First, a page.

Andrew Roberts’ Napoleon the Great is the definitive modern biography of Napoleon Bonaparte. In the space of just twenty years, from October 1795 when as a young artillery captain he cleared the streets of Paris of insurrectionists, to his final defeat at the battle of Waterloo in June 1815, Napoleon transformed France and Europe. After seizing power in a coup d’etat he ended the corruption and incompetence into which the Revolution had descended. In a series of dazzling battles he reinvented the art of warfare. In peace he completely remade the laws of France and modernized systems of education and administration. Napoleon is often portrayed as a despot but, Andrew Roberts conveys his tremendous energy, both physical and intellectual, and the attractiveness of his personality, even to his enemies.
Andrew Roberts is a biographer and historian of international renown and a Fellow of the Royal Societies of Literature and Arts. His three-part series on Napoleon aired on BBC TV this Summer.

Recorded at Printworks, Dublin Castle on 26 September 2015.

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Commemorating 1916

Padraig PearseWith Diarmaid Ferriter, Anne Dolan, John A. Murphy & Eamon Phoenix. Moderator Jane Ohlmeyer.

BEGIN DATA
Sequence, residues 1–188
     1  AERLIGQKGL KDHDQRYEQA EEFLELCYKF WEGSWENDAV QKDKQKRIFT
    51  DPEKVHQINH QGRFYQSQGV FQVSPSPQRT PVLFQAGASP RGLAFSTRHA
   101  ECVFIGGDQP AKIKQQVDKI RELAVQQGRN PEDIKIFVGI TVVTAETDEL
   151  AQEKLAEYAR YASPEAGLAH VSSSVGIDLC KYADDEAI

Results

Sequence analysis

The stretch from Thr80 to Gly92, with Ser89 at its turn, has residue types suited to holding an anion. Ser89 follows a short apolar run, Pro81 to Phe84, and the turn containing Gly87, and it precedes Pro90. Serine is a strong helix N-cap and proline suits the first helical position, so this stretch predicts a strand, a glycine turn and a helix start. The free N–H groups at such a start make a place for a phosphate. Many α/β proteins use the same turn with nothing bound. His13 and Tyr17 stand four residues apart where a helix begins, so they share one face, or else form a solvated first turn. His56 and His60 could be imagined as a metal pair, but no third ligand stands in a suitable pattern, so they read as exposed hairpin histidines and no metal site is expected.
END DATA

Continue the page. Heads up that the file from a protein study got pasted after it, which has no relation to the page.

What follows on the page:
In 2011 the Government announced its intention “to properly commemorate the centenary of the great events of 1916”. The emphasis on “proper” commemoration suggested a certain caution about what might be construed as “improper” appropriation of 1916. Since then the debate has raged on how to properly celebrate the foundation story of the Irish state with a broad spectrum of views expressed. Some advocate proud and unashamed celebration of the sacrifice of the men of 1916; others counter with concern about the legitimacy of violence and the need to respect sensitivities towards all-island perspectives. Consensus, for now, seems a long way off. A distinguished panel debates the issues.
Diarmaid Ferriter is Professor of Modern Irish History at UCD. Anne Dolan is a lecturer in Modern Irish History at Trinity College, Dublin. John A. Murphy is Emeritus Professor of History at University College Cork. Eamon Phoenix is Principal Lecturer in History at Stranmillis University College, Queen’s University Belfast. Jane Ohlymeyer is Erasmus Smith’s Professor of Modern History at Trinity College, Dublin.

Recorded at Printworks, Dublin Castle on 25 September 2015.

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Lord Edward and “Faithful Tony” The story of Tony Small, valet to Lord Edward Fitzgerald

Stella TillyardStella Tillyard in conversation with Marion Lyons
Citizen Lord is the title of Stella Tillyard’s bestselling biography of Lord Edward Fitzgerald, one of the most fascinating characters in Irish history. Tony Small was a runaway American slave who rescued Lord Edward from the battlefield in South Carolina in 1781 and nursed him back to health. Lord Edward offered him a job and for the next decade Tony was with Lord Edward constantly – in North America, in Paris after the Revolution, in Dublin and Kildare. At some point after Lord Edward’s death in 1798, Tony left Dublin for London and died there sometime after 1805. What might Tony’s story tell us about colonialism? How did people of colour and minorities experience Dublin in the late eighteenth century? What are the implications of Tony’s story for the writing of history?